More accurately, I’m recovering from impostor syndrome. I’ve spent a lot of my life wondering if I could be in the same circles as real leaders, teachers, directors (fill in the blank). Over time, I’ve learned to look at my achievements more than listen to my inner doubts, and now, finally, most of the time I do see the accomplishments and my skills made them. It wasn’t luck, it wasn’t someone being nice, it was me.
Most of the time I tune in to one station, “WYES” and I crank the volume. But every once in a while, static drowns out the signal until a whiny, tinny voice from WBLA comes in across the airwaves. Seems like the owners of “WBLA” have endless free ads for “How to start stalling and comparing yourself to others!” “How to lose friends and influence nobody!” “Take our free 90-day course and learn new ways to feel inferior to nationally recognized people as well as those around you!”
But as I say, I’m recovering from impostor syndrome and that station doesn’t break through very often.
A lot of women talk about having impostor syndrome, a term originally called impostor phenomenon, which according to the two who coined the phrase, psychologists Pauline Clance and Suzanne Imes, never intended for it to be a phrase reserved for women. They’re actual psychologists with a degree that I don’t have, so who am I to say whether it’s a woman thing or not? As a non-psychologist, I’m just recovering from impostor syndrome, or phenomenon, or whatever.
But seriously, women are good at feeling like impostors. When I developed a training program for women called the Leadership Institute for Political and Public Impact, I worked with talented, ambitious, hopeful, generous, smart and articulate women. For five years I led that program and met hundreds of women. Almost all of them said that currently or at one point in their lives, they doubted whether they belonged. As women met the other women in their learning cohort within the leadership institute, they felt extremely humbled and wondered why they were chosen. Everyone looked out and saw talented, ambitious and smart women, yet when they looked at themselves they wondered what they had to offer.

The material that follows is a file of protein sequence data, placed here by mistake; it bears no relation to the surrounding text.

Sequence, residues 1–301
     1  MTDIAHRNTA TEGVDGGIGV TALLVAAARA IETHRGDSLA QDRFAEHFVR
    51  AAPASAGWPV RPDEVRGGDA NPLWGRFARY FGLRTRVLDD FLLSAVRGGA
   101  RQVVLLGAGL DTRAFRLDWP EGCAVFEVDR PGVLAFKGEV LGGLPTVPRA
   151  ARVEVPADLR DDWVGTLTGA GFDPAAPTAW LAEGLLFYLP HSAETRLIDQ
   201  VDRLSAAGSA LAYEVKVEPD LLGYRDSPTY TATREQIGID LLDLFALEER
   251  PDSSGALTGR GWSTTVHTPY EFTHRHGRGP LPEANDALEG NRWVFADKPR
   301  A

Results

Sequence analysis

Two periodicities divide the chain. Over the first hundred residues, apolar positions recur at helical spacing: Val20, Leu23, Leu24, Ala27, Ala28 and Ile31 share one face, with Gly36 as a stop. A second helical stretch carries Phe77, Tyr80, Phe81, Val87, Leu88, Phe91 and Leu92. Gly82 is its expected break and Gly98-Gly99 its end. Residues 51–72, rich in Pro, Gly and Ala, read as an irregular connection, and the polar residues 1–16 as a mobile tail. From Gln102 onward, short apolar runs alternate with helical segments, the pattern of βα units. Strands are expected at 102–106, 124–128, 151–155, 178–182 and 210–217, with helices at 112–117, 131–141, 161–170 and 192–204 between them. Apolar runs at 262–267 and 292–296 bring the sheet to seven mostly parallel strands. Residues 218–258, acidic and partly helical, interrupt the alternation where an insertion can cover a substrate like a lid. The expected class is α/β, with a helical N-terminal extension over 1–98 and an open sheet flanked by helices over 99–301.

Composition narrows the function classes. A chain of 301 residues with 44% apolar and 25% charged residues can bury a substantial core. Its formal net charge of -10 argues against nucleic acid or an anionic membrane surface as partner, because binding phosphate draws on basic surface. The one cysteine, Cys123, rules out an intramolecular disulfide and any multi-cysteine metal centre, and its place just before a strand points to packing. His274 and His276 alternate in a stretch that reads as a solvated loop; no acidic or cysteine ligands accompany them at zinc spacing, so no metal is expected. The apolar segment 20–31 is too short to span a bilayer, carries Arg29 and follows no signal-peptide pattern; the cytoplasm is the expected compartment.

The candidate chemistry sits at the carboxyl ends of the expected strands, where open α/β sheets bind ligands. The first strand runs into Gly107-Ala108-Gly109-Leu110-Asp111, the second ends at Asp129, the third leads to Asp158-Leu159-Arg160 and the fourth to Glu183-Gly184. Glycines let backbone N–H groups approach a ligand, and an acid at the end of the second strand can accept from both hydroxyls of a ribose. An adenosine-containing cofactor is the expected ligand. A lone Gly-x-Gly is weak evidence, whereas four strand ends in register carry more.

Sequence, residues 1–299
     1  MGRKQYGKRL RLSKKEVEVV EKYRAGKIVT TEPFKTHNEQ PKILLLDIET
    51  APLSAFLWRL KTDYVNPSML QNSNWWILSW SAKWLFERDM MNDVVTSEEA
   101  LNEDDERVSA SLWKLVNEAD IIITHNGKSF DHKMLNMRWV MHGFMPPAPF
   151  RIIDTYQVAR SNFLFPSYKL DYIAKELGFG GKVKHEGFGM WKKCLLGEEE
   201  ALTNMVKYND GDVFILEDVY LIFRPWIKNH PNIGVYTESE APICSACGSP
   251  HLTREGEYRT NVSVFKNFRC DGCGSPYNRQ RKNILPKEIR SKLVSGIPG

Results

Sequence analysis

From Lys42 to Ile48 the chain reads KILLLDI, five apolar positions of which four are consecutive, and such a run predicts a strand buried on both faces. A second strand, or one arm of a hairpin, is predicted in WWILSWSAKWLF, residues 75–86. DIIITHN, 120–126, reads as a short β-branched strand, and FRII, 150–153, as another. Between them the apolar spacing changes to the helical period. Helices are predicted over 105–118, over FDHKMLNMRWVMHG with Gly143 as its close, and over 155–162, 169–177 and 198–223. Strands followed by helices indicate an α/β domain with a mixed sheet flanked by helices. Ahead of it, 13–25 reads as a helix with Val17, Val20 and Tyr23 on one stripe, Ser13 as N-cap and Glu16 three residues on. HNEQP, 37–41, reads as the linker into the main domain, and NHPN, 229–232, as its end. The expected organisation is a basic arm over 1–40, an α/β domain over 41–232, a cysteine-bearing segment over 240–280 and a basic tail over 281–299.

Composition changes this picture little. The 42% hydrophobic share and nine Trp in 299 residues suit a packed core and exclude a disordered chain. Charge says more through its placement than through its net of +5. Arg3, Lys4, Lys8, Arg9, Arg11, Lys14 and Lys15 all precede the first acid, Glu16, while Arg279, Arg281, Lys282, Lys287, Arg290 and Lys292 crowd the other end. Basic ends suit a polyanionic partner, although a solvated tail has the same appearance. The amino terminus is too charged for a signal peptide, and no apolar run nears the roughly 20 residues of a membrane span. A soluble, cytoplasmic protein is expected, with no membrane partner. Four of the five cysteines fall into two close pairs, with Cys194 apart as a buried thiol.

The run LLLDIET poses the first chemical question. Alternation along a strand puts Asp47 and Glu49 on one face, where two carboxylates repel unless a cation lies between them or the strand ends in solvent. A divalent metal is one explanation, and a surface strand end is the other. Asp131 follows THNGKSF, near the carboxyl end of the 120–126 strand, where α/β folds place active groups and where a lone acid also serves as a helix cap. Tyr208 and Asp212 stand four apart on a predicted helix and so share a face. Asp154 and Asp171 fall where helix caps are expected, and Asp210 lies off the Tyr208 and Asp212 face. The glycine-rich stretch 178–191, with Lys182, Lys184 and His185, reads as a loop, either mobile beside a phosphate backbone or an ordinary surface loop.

Like a trick mirror, they could see clearly the amazingness of people on the other side but they couldn’t see the same qualities in themselves.
What is it with us women?!
Here’s another secret. Men feel this way too. In another post, I’ll explore some of the ways men deal with impostor syndrome. They might not express it, they might get over it differently but we women, we’re good at talking and sharing, so we dig into it.
There’s a paradox here. Since one of our strengths as women is that we talk and share, impostor syndrome is more often known as a women’s thing.
Psychologists Clance and Imes never asserted that impostor phenomenon was unique to women, but because women are given to sharing and connecting, “women and impostor syndrome” have become linguistically linked like, well, handcuffs.
The Glass Almost Full news is that because one of our strengths is expressive communication, we have the very skills to get over it. The more we talk about it and bring it into the open, the more we deal with feelings of self-doubt, and move on. Research shows that 70% percent of all people and two out of five highly accomplished people experience the impostor phenomenon. That’s a lot of people! There are a lot of us out there and we better get started working it out together!
We all get by with a little faking it. We all act the part until our confidence catches up to our competence.
As a recovering impostor syndrome sufferer, I have two goals.
One is to show you how to crank the volume on your “go for it” voice and take the leap toward what you want to be.
My other goal is to show you how to take others with you, to lead for the greater good. By learning both, you’ll be better off and we’ll be better off for your gutsiness.